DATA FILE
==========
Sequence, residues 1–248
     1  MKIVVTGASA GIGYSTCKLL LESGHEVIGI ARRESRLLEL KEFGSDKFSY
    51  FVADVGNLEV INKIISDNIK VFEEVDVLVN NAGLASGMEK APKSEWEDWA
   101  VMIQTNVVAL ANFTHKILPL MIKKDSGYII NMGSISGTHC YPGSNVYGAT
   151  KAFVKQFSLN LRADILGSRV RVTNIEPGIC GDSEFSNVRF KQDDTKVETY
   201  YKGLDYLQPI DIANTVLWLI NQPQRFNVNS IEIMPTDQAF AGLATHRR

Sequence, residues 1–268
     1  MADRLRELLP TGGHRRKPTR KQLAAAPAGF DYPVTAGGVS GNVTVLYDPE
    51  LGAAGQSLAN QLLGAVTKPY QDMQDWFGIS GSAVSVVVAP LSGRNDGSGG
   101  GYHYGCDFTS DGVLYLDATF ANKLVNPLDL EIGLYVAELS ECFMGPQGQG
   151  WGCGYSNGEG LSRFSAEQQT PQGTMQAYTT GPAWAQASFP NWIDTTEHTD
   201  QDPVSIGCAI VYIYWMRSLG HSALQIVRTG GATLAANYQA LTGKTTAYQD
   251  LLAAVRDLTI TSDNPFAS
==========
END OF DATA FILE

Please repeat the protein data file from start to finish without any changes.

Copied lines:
Sequence, residues 1–248
     1  MKIVVTGASA GIGYSTCKLL LESGHEVIGI ARRESRLLEL KEFGSDKFSY
    51  FVADVGNLEV INKIISDNIK VFEEVDVLVN NAGLASGMEK APKSEWEDWA
   101  VMIQTNVVAL ANFTHKILPL MIKKDSGYII NMGSISGTHC YPGSNVYGAT
   151  KAFVKQFSLN LRADILGSRV RVTNIEPGIC GDSEFSNVRF KQDDTKVETY
   201  YKGLDYLQPI DIANTVLWLI NQPQRFNVNS IEIMPTDQAF AGLATHRR

Sequence, residues 1–268
     1  MADRLRELLP TGGHRRKPTR KQLAAAPAGF DYPVTAGGVS GNVTVLYDPE
    51  LGAAGQSLAN QLLGAVTKPY QDMQDWFGIS GSAVSVVVAP LSGRNDGSGG
   101  GYHYGCDFTS DGVLYLDATF ANKLVNPLDL EIGLYVAELS ECFMGPQGQG
   151  WGCGYSNGEG LSRFSAEQQT PQGTMQAYTT GPAWAQASFP NWIDTTEHTD
   201  QDPVSIGCAI VYIYWMRSLG HSALQIVRTG GATLAANYQA LTGKTTAYQD
   251  LLAAVRDLTI TSDNPFAS